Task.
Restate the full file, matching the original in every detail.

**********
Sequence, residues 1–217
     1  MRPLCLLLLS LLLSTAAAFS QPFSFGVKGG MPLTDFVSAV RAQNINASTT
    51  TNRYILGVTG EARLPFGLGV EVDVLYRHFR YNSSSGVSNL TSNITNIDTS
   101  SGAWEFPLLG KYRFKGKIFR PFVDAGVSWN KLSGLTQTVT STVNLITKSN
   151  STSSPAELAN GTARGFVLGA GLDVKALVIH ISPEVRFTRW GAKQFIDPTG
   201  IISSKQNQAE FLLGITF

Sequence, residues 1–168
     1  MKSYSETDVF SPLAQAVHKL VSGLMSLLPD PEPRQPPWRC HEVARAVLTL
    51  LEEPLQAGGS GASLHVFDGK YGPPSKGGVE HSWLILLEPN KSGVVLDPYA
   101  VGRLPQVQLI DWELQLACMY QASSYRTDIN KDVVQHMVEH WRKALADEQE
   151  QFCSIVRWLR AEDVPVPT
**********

Sequence, residues 1–217
     1  MRPLCLLLLS LLLSTAAAFS QPFSFGVKGG MPLTDFVSAV RAQNINASTT
    51  TNRYILGVTG EARLPFGLGV EVDVLYRHFR YNSSSGVSNL TSNITNIDTS
   101  SGAWEFPLLG KYRFKGKIFR PFVDAGVSWN KLSGLTQTVT STVNLITKSN
   151  STSSPAELAN GTARGFVLGA GLDVKALVIH ISPEVRFTRW GAKQFIDPTG
   201  IISSKQNQAE FLLGITF

Sequence, residues 1–168
     1  MKSYSETDVF SPLAQAVHKL VSGLMSLLPD PEPRQPPWRC HEVARAVLTL
    51  LEEPLQAGGS GASLHVFDGK YGPPSKGGVE HSWLILLEPN KSGVVLDPYA
   101  VGRLPQVQLI DWELQLACMY QASSYRTDIN KDVVQHMVEH WRKALADEQE
   151  QFCSIVRWLR AEDVPVPT